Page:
the foundation of the Porter’s sense of community: a painting done of the
Waverly School House (built in 1881) by artist Sears Wait, pictures of the
Porter Grade School which was utilized from 1895 to the early 1950s and
later became the site of the Hageman Memorial Library.
Visitors can also see how the Porter Town Hall took shape since it was built
in 1913. The original building maintained its own library and jail and a
one-ton bell hanging in the tower. It was later demolished in 2002 and the
town soon rebuilt the building, incorporating a design similar to the 1913
Another familiar sight is the historical Bailey Homestead which reopened as
restaurant in 1965 for a short duration only to be later purchased by the
National Park Service in 1972.
“Community has always been very important not only to Porter but all of
Westchester Township,” said Sutliff, who said most of the community display
items are part of the museum’s collection while others come from private
Most importantly in the exhibit, museumgoers can read for themselves the
various stages of growth of Porter which existed as a small depot area for
the Michigan Central railroad fifty years before the town became
incorporated in 1908.
Small towns began forming in the area in the mid 1800s after the formation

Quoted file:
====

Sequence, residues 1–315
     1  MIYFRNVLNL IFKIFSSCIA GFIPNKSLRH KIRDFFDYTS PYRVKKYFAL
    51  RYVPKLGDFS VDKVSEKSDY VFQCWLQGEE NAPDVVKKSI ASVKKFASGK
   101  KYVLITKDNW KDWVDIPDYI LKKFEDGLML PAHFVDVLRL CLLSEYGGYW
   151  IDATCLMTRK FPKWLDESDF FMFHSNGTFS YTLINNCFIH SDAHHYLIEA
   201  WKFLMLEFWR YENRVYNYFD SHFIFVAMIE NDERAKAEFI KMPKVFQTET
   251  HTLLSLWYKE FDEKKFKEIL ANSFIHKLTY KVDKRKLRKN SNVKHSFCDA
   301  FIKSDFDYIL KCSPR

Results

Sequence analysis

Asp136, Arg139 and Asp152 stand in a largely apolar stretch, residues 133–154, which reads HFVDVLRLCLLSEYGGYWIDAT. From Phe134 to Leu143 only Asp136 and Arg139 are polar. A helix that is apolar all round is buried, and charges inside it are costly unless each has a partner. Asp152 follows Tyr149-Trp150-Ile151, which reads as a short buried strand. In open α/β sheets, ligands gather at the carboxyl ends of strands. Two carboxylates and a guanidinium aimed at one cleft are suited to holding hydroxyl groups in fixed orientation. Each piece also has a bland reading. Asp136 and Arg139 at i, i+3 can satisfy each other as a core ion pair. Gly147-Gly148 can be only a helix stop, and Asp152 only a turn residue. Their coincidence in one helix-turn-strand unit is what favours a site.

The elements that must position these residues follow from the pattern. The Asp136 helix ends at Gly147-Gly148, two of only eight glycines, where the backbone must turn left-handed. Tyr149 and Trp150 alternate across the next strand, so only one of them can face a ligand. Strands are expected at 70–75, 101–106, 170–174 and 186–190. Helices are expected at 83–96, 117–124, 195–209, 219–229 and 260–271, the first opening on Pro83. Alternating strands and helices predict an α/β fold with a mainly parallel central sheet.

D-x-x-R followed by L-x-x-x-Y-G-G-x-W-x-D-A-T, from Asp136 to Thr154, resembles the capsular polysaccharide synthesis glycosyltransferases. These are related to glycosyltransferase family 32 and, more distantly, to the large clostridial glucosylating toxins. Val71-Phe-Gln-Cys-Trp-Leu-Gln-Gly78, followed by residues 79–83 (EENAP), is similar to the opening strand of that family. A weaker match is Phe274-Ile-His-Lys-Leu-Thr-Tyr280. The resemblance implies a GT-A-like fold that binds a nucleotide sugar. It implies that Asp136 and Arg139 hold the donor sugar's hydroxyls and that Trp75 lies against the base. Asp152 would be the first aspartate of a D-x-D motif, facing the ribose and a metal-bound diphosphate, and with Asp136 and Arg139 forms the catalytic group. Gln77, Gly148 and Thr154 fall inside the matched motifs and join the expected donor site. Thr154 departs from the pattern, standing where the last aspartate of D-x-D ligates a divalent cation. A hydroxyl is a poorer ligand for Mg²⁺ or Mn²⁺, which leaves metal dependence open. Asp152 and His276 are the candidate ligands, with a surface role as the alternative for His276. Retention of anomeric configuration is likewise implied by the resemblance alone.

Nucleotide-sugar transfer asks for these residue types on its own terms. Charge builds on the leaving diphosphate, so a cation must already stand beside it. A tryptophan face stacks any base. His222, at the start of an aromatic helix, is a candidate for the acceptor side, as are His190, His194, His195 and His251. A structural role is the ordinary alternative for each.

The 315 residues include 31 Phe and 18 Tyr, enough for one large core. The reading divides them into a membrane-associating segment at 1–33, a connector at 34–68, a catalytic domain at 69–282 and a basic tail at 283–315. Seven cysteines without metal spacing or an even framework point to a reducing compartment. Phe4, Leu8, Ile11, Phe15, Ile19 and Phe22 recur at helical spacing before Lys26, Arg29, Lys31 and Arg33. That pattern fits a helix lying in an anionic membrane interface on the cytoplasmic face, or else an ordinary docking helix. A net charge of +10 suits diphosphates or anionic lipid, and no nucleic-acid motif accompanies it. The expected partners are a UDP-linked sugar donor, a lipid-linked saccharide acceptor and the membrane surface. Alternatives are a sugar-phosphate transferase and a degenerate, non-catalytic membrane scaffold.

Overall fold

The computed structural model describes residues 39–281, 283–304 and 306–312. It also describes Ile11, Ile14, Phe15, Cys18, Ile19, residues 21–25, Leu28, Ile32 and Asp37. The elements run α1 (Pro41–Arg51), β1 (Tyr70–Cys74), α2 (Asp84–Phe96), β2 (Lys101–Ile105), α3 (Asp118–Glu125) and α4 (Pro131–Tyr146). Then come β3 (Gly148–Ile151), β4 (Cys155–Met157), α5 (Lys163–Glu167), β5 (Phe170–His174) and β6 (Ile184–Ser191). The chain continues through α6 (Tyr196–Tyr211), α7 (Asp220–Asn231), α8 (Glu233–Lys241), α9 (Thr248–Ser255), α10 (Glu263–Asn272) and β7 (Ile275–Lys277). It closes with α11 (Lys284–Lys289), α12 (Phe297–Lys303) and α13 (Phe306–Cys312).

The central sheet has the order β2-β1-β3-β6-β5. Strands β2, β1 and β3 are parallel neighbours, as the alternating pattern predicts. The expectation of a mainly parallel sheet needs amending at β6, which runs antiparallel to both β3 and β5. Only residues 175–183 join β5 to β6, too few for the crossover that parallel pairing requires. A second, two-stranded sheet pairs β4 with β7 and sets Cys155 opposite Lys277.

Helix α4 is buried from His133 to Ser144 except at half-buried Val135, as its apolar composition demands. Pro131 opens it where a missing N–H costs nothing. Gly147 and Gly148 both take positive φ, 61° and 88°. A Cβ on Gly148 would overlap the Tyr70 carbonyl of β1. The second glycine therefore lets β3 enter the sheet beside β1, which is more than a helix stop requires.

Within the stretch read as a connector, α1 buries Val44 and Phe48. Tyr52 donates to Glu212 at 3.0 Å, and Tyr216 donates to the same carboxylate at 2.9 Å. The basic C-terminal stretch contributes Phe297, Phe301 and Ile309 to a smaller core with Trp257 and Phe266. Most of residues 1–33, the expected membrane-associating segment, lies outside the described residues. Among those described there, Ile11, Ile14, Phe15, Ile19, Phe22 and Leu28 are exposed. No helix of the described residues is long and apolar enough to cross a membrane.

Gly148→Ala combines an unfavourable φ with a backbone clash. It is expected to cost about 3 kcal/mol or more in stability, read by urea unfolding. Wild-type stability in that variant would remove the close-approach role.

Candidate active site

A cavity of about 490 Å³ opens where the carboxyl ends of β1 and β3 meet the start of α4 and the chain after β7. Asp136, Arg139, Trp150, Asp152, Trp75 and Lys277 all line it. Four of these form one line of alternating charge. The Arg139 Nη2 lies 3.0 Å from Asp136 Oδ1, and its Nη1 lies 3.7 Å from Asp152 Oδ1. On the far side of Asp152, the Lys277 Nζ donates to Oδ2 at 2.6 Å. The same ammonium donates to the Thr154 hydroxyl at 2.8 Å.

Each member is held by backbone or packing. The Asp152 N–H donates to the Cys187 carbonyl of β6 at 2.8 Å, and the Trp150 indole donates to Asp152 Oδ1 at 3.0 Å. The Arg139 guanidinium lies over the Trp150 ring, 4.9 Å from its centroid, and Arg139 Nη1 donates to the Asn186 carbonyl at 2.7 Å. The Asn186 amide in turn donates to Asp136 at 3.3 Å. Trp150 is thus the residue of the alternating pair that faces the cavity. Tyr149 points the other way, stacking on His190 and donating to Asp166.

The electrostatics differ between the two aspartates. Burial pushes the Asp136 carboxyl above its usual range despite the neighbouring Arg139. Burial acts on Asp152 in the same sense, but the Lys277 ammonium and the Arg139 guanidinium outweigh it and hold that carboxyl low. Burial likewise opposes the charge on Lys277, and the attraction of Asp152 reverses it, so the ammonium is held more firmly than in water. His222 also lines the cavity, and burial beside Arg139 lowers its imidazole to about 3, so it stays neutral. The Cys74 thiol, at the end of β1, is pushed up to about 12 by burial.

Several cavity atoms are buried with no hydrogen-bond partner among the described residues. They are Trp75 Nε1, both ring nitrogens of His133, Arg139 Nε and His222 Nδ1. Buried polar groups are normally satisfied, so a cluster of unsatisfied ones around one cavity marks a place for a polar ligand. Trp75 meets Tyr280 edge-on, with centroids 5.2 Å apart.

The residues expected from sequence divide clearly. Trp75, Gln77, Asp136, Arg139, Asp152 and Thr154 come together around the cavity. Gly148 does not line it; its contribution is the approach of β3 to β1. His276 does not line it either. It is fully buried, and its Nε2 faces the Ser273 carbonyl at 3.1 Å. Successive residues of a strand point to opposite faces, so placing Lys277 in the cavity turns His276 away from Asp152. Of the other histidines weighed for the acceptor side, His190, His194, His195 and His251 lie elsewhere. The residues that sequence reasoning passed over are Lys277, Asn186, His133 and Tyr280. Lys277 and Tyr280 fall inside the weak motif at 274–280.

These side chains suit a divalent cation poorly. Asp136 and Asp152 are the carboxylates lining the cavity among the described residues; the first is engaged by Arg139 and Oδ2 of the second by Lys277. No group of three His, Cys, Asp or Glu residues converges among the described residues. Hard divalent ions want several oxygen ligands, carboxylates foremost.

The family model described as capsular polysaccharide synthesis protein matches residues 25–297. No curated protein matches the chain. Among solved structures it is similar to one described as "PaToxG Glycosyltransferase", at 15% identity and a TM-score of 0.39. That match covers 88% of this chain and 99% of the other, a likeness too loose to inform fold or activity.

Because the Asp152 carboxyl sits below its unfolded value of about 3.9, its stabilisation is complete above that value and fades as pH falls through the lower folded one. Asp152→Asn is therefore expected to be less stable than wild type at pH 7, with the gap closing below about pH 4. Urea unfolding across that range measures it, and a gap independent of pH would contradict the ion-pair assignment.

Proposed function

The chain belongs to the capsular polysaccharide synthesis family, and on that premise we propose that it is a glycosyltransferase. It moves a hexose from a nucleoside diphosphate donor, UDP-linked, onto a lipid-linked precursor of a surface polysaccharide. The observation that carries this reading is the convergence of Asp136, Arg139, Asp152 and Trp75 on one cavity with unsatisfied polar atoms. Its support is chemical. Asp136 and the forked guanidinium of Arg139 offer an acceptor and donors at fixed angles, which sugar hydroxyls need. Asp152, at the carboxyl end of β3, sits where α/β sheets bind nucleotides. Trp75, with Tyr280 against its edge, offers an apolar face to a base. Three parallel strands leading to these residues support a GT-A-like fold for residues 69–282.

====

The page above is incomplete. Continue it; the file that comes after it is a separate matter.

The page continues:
of Baillytown. There was Old Porter surrounding the Porter train station and
New Porter that started out as the town of Hageman. Founder Henry Hageman
sold or donated much of the land to residents.
Porter Station was renamed Gibertville in honor of Henry Gilbertson in 1882
and residents used the name for the next 17 years. Hageman continued to grow
and, because Michigan Central never used the town’s name, it simply referred
to Old Porter and New Porter as Porter.
Porter started with about 500 residents when incorporated in 1908 and has
grown to 4,858 according to 2010 census figures.
Sutliff said Porter in its early days served as a tourist attraction given
its close proximity to the Indiana Dunes and the railroads. Earlier
attractions such as the Coronado Lodge, the Mineral Springs Race Track and
the Carlson Planetarium gave way to later attractions like Enchanted Forest
and Splash Down Dunes.
The town’s biggest growth occurred after the 1960s when the Indiana Dunes
National Lakeshore was established along with the nearby Bethlehem Steel
plant in Burns Harbor.
Sutliff revealed the upcoming “Fire Departments of Westchester Township”
exhibit will have a grand opening celebration on Saturday, Feb. 18 and the
Chesterton, Porter and Burns Harbor Fire Departments will park their trucks
at the museum to be a part of the celebration. Local firefighters are
currently donating items for the exhibit.
Sutliff, a past intern and volunteer at the Westchester Township History
Museum, took over for the museum’s founding curator Jane Walsh-Brown on Jan.
Exhibits are free to the public. The museum is located at 700 W Porter Ave.
in Chesterton and is open from 1 to 5 p.m. on Wednesdays through Sundays.